Several reasons can lead to the emergence of foam in digesting tanks, for instance overloading or the impact of hydrophobic substances. Furthermore, the foaming is in regular periods going together with the emergence of filamentous microorganisms. Up to now, several strategies to avoid foaming have been tested out (for instance reduction of the sludge load in the activated sludge stage, lowering of the sludge level in the digestion tank, dosage of anti foaming agents), but these have been done relatively unsystematically and with more or less success. For our contribution, laboratory-scale digestion tests were run to analyse mechanical and thermal pre-treatment methods for the destruction of the surplus sludge. Whereas the disintegration by a high pressure homogeniser did only achieve a low reduction of the foam phase, the thermal pre-treatment at 121°C made for an effective subduing of the foam emergence. Both methods allowed for a cutting up of the filaments, but only the heating up effected the reduction of the hydrophobic substances; thus, the foaming is possibly caused by them.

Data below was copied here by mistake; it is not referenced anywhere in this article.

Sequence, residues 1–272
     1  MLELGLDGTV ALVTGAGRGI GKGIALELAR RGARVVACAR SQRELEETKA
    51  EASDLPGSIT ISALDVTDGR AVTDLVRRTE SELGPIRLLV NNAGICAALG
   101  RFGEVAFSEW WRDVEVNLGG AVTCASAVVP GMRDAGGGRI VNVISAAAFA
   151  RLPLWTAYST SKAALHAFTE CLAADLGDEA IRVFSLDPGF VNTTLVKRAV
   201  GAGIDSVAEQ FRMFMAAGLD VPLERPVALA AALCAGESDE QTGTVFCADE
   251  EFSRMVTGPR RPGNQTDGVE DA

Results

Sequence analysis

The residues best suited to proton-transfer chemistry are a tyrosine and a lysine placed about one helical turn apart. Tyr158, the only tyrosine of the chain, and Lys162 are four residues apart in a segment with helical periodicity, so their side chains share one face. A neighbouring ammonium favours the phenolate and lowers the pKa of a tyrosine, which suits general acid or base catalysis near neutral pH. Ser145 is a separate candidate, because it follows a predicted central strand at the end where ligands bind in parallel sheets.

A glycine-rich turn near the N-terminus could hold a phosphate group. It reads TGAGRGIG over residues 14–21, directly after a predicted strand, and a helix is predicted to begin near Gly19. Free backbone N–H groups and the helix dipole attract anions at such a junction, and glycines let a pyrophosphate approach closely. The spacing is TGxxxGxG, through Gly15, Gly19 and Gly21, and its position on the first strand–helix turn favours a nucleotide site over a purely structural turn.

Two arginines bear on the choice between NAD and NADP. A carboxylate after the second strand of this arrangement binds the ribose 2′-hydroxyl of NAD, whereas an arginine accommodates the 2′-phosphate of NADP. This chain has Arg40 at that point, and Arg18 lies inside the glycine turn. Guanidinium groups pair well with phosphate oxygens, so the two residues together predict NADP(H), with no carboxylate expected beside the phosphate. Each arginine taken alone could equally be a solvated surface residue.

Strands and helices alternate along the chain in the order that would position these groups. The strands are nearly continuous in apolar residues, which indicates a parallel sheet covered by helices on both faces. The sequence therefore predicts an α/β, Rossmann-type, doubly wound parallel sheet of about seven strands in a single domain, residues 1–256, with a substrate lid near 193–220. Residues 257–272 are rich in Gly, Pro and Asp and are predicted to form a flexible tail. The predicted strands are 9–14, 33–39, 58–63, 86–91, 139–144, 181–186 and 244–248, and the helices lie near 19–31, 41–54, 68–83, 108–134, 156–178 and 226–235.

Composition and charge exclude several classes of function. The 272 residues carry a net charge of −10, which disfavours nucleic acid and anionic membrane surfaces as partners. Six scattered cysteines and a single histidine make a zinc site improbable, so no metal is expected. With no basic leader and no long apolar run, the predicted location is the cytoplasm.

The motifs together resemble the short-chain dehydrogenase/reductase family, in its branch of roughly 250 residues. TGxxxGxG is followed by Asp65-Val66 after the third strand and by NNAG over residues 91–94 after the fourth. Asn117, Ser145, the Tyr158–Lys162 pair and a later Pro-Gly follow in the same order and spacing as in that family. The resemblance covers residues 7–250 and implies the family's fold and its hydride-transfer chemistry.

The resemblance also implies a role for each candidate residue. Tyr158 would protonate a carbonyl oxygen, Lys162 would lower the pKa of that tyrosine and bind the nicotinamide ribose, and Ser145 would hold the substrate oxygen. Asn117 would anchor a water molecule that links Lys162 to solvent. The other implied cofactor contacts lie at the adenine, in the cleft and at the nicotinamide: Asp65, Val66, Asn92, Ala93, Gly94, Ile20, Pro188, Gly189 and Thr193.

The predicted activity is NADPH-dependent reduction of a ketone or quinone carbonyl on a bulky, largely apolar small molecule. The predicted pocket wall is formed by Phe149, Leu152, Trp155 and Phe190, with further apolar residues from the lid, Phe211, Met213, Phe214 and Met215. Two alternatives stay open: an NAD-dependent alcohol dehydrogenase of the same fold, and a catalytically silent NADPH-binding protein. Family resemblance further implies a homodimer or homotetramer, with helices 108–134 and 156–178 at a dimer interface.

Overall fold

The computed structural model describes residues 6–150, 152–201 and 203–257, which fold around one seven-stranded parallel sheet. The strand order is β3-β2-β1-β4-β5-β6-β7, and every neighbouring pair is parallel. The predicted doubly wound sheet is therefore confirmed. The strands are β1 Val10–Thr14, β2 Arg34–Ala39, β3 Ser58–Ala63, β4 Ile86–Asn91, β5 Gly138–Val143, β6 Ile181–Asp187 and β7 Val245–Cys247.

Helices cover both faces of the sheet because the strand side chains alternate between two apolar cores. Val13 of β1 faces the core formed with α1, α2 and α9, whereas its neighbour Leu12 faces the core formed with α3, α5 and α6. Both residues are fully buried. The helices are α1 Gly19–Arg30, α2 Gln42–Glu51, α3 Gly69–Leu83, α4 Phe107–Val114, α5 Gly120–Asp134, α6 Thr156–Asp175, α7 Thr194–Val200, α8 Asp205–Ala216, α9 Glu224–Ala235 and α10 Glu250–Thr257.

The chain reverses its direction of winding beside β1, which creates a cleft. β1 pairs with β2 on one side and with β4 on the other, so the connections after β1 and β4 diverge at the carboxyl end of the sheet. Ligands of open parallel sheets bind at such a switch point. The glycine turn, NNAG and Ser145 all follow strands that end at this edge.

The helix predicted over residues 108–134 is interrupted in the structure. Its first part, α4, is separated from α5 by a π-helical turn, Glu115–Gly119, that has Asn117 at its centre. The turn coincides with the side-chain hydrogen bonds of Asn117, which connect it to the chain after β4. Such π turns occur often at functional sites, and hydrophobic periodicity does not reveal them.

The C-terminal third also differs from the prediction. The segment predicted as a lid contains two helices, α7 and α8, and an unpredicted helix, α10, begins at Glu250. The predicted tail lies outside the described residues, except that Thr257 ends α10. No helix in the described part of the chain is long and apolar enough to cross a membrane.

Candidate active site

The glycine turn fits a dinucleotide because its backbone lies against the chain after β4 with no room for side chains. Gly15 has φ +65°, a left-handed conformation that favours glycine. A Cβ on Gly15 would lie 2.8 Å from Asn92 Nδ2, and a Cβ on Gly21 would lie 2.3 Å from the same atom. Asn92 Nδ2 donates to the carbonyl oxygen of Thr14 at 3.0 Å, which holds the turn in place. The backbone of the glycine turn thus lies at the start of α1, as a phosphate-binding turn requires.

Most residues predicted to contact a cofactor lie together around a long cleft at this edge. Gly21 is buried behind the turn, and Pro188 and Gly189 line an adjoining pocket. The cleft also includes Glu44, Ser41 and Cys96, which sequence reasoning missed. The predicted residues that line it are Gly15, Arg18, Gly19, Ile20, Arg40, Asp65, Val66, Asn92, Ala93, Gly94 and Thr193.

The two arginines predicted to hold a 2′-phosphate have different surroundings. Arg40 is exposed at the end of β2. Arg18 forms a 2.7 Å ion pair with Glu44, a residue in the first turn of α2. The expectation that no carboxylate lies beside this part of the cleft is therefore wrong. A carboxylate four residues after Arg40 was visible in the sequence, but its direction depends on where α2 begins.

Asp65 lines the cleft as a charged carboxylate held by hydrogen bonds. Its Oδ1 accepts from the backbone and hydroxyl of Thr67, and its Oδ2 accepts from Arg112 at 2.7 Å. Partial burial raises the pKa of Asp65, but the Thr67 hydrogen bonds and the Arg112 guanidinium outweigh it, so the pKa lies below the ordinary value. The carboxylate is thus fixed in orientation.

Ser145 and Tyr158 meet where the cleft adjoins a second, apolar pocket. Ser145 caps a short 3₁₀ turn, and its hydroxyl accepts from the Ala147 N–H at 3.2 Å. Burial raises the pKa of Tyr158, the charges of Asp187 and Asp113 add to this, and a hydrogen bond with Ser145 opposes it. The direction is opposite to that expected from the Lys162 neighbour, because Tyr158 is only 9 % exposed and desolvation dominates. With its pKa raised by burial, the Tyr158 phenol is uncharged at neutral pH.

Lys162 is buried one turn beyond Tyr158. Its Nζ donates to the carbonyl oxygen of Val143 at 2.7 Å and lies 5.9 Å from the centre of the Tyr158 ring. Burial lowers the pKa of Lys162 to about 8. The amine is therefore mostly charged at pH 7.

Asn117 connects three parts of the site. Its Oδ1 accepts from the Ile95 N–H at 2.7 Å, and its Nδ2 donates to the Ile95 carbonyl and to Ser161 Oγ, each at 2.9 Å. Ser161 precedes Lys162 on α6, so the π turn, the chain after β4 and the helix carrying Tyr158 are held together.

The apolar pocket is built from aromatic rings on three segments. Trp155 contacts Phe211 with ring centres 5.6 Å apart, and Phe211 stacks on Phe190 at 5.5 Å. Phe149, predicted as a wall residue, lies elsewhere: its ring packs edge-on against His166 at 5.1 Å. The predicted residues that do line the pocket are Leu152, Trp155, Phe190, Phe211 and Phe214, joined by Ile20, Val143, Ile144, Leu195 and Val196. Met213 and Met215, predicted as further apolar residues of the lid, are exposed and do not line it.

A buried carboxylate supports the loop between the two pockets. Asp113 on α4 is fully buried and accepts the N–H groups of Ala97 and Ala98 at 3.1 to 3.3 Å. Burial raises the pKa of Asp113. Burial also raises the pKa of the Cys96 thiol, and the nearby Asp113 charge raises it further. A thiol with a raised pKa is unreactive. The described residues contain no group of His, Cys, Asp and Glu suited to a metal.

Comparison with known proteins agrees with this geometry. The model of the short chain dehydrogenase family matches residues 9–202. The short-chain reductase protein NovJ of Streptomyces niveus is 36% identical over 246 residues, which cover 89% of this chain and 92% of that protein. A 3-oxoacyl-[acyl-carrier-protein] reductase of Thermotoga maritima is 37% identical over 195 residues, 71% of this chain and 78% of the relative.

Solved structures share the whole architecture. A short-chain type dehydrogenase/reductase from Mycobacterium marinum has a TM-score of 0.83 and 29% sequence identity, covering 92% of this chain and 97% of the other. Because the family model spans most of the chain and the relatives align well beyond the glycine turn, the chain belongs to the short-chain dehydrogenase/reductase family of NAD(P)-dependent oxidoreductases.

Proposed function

You do not currently have access to this content.